Ransomware atack

UK Government Is at High Risk of a Catastrophic Ransomware Attack

The UK government has not been able to tackle the threat caused by ransomware. The Joint Committee on National Security Strategy (JCNSS) has warned that this failure leaves the country vulnerable to the threat of a “catastrophic” ransomware attack, warning that it might happen at any moment.

The JCNSS warning highlights the growing chances of a serious cyber-attack on the UK’s critical national infrastructure (CNI). The National Cyber Security Centre (NCSC) clarifies that CNI includes essential national resources including electricity, water, transportation, health, and telecommunications that are necessary for society’s functions.

The critical assessment from the Parliamentary select committee, which was made public on December 13, concluded that the UK government had not taken ransomware seriously. It claimed that those who have been attacked by ransomware are receiving “next-to-no support” from the government.

The analysis came to the following conclusion:

There is a high risk that the government will face a catastrophic ransomware attack at any moment, and that its planning will be found lacking. There will be no excuse for this approach when a major crisis occurs, and it will rightly be seen as a strategic failure.

The Committee highlighted the serious effects of the ransomware attack on the Costa Rican government in April 2022. This cyberattack stopped important aspects of the nation’s digital infrastructure for an extended period, creating widespread outages that lasted for months.

Attacks using ransomware that target critical commercial infrastructure and UK government institutions have become shockingly common in recent months. Several significant organisations have fallen victim to ransomware attacks since September 2023, including the British Library, Royal Mail, and Manchester Police.

Although there hasn’t been an organized attack on the Critical National Infrastructure (CNI) in the UK yet, the situation in Costa Rica provides a clear example. It underlines how quickly a country may become completely paralysed in the middle of a massive attack on its digital infrastructure.

Lack of ability of the UK Government in Handling Ransomware Risks

The report of the Parliamentary brings to light the government’s failure to prevent massive cyberattacks. It specifically criticizes the Home Office, which asserts its role in handling ransomware as a policy matter. Suella Braverman, the former home secretary, has faced criticism for not giving priority to the problem.

The committee remarked that Braverman showed minimal interest in dealing with the growing risk of ransomware. Notably, the UK government appears to place other problems, such as illegal migration and small boats, ahead of this important matter.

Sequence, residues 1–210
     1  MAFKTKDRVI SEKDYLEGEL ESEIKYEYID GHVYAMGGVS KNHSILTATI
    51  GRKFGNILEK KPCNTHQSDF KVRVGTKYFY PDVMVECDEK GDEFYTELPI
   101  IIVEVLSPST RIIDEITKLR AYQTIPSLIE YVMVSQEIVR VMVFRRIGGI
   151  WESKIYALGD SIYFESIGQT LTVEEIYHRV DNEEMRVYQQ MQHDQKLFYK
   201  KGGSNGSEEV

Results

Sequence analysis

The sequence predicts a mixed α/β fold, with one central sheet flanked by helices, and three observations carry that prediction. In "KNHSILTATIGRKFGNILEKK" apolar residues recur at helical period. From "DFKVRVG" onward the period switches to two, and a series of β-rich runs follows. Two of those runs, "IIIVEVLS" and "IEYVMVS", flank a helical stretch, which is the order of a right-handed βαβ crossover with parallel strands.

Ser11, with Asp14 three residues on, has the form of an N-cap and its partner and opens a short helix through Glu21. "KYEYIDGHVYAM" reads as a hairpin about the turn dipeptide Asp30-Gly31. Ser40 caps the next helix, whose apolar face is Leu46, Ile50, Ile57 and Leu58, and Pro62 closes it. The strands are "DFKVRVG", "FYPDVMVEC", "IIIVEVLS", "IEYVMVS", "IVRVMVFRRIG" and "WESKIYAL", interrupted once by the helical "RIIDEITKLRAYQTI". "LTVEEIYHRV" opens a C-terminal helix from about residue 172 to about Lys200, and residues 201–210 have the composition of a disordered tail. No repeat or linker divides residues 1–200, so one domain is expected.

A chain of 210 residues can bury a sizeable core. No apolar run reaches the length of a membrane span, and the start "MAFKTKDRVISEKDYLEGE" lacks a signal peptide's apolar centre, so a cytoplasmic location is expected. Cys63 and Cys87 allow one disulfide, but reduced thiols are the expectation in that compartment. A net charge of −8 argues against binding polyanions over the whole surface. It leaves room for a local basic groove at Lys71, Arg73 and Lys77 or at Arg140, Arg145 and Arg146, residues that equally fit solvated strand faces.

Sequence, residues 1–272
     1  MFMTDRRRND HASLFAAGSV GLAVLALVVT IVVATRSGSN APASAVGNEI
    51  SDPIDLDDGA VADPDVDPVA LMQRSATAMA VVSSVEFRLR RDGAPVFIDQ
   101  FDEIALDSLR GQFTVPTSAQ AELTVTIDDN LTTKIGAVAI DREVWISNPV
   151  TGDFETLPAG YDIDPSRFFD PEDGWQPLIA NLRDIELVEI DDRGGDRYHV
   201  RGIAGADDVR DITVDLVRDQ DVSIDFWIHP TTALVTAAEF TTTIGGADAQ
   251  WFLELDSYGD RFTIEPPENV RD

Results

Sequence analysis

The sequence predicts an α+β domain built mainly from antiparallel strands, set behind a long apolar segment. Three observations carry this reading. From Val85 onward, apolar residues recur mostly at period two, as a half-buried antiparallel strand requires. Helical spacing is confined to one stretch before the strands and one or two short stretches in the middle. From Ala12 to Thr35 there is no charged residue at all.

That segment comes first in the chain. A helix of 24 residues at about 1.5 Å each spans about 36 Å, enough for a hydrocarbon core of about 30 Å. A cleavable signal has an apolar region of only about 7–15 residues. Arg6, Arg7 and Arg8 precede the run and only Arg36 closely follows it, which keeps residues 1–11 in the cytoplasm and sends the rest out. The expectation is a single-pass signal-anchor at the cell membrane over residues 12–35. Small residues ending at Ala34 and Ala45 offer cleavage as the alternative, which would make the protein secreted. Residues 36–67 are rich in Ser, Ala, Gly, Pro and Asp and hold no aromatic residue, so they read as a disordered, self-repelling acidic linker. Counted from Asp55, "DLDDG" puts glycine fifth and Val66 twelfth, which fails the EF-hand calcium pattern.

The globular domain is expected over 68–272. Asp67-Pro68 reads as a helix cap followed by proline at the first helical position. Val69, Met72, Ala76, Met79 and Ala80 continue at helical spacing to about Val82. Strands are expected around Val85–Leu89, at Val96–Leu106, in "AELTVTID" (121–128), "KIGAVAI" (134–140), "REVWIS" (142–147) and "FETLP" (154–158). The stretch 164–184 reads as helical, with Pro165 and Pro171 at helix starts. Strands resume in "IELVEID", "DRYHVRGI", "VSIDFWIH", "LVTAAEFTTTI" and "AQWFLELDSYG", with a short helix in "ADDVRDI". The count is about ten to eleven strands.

Furthermore, the committee pointed out a major vulnerability in the UK’s key National Infrastructure (CNI) – its dependency on private, third-party IT systems, which exposes it to increased cyberattack threats.

The National Cyber Security Centre (NCSC) and National Crime Agency (NCA) are two government entities that oversee cybersecurity, and they receive minimal funding. This is the main cause of the weak support. The NCA finds it difficult to recruit cyber professionals because it cannot provide the same attractive compensation and opportunities for professional growth as the private sector.


The JCNSS report recommends moving the Cabinet Office’s supervision of ransomware from the Home Office. With this action, the National Cyber Security Centre, the National Crime Agency, and the deputy prime minister would all work together in project management.

Since the UK’s present Computer Misuse Act (CMA) before the internet era, the report highlights the need for an updated regulatory system to tackle cybercrime.

It is important to increase funding for the National Cyber Security Centre (NCSC) and National Crime Agency (NCA). This support helps victims recover from attacks, negotiate with ransomware attackers, and take preventive steps to prevent such incidents in the future.

Jamie MacColl, a Research Fellow at the Royal United Services Institute (RUSI) who provided insights to the Committee, addressed the findings and highlighted the need of starting a broader public conversation about organised cybercrime and ransomware. MacColl calls for actively involving the general people in bringing these issues to the top of the political agenda.

Phishing Tackle offers a free 14-day trial to help train your users to avoid these types of attacks and test their knowledge with simulated attacks using various attack vectors. By focusing on training your users to spot these types of attacks, rather than relying solely on technology, you can ensure that your organisation is better prepared to defend against cyber threats and minimise the impact of any successful attacks.

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